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(9) phonotactics & coarticulation

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Phonotactics
&
Coarticulation

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PHONOTACTICS
(PHONOLOGICAL RULES)
• Phonotactics is a branch of Phonology that
deals with restrictions (official limits) i...

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Phonotactics
has a correlation with the syllable
structure (including the
consonant clusters and vowel
sequences) by means...

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(9) phonotactics & coarticulation

  1. 1. Phonotactics & Coarticulation
  2. 2. PHONOTACTICS (PHONOLOGICAL RULES) • Phonotactics is a branch of Phonology that deals with restrictions (official limits) in a language on the permissible combinations of phonemes. • In other words, Phonotactics are the rules that govern the combinations and ordering of phonemes in a syllable or a word.
  3. 3. Phonotactics has a correlation with the syllable structure (including the consonant clusters and vowel sequences) by means of phonotactical constraints (phonotactical controllers).
  4. 4.  Dealing with the syllable, there are some basic internal segmental structure as follows: ONSET NUCLEUS (PEAK) CODA
  5. 5.  The nucleus is obligatory, usually the vowel in the middle of a syllable;  The onset is the optional sound or sounds occurring before the nucleus; and  The coda is the optional sound or sounds that follow the nucleus.
  6. 6. Thus, in the word cat /kæt/, for example, /k/ is the onset, /æ/ is the nucleus, and /t/ is the coda. SYLLABLE ONSE T NUCLEUS CODA C V C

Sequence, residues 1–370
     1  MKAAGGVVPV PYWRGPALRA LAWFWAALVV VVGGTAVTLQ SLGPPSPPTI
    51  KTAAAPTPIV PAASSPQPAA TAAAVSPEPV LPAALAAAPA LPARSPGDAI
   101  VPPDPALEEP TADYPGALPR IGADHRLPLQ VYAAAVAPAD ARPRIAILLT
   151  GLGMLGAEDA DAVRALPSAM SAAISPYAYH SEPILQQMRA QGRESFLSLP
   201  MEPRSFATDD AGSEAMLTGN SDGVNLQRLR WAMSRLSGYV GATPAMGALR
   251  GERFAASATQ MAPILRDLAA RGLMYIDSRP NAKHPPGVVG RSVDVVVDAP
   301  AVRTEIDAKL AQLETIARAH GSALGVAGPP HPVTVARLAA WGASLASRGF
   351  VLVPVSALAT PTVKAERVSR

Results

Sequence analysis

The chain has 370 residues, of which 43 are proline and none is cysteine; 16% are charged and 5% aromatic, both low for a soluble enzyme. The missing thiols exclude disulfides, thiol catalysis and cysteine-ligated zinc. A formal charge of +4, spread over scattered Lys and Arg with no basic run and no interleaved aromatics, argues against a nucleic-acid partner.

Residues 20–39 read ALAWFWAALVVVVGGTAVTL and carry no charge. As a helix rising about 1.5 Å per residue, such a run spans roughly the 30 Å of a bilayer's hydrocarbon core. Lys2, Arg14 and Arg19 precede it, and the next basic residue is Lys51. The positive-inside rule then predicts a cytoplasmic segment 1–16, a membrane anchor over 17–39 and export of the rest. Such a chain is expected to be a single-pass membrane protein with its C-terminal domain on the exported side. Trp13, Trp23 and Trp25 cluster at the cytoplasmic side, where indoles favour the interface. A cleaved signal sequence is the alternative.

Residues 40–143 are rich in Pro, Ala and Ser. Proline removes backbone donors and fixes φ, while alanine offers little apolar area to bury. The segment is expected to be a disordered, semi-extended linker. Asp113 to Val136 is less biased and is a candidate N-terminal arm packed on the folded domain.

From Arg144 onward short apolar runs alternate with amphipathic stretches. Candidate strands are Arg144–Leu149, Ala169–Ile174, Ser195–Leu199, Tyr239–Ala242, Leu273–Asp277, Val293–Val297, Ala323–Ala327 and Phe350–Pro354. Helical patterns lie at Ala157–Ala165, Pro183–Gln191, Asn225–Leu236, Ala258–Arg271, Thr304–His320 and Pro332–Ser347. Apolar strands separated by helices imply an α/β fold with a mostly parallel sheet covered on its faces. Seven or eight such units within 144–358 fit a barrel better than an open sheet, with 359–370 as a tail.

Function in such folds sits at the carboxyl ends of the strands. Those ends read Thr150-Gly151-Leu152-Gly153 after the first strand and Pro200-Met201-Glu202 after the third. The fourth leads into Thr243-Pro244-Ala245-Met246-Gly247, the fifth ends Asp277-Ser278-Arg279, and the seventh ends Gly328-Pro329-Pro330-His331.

7. 7.  In the pattern of consonant cluster, the English syllable twelfths [twelfθs], for instance, is divided into the onset /tw/, the nucleus /e/, and the coda /lfθs/, and its phonotactic can be described as CCVCCCC twelfths [ twelfθs ] CC V CCCC (phonotactic) O N C (syllable structure)
  8. 8.  In addition, commonly, in English and most other languages, a word that begins with a vowel is automatically pronounced with an initial glottal stop, whether or not a glottal stop occurs as a phoneme in the language. Example: up /ʌp/ is supposed as /ʔʌp/ Thus, in the initial-vowel word above, the glottal stop /ʔ/ is called a null onset.
  9. 9. One phoneme pattern V I [aɪ], oh [əʊ] Two phoneme pattern VC CV On [ɒn], it [ɪt] Be [bi:], see [si:] Three phoneme pattern CVC CCV VCC Dog [dɒg], cat [kæt] Tree [tri:], ski [ski:] Its [ɪts], eats [i:ts] Four phoneme pattern CCVC CCCV VCCC CVCC Slab [slæb], bread [bred] Straw [strɔ:] Asked [ɑ:skt] Desk [desk], fist [fɪst] Five phoneme pattern CCVCC CCCVC CVCCC Sponge [spʌndʒ] Street [stri:t], stress [stres] Selves [selvz] Six phoneme pattern CCCVCC CCVCCC CVCCCC Strand [strænd], sprint [sprɪnt] Stamps [stæmps] Sixths [sɪksθs] Seven phoneme pattern CCCVCCC CVCCCCC Scramble [skræmbl] Twelfths [twelfθs] Here are some examples of phonotactics of the English words:
  10. 10. COARTICULATION:  Coarticulation is the overlapping of adjacent articulations. -(Ladefoged, 1993:55)-  Coarticulation is the influence of the target phoneme on surrounding phonemes. -(Linda I. House, 1998:141)- In other words, coarticulation is the secondary articulations of a phoneme.
  11. 11.  In English, actually, many consonants have unique qualities. However, we will only discuss about the following particular consonants in detail: a. / ɹ / b. / l / c. / ŋ /
  12. 12. /ɹ/ “R” varies more in pronunciation than any other consonant in the IPA.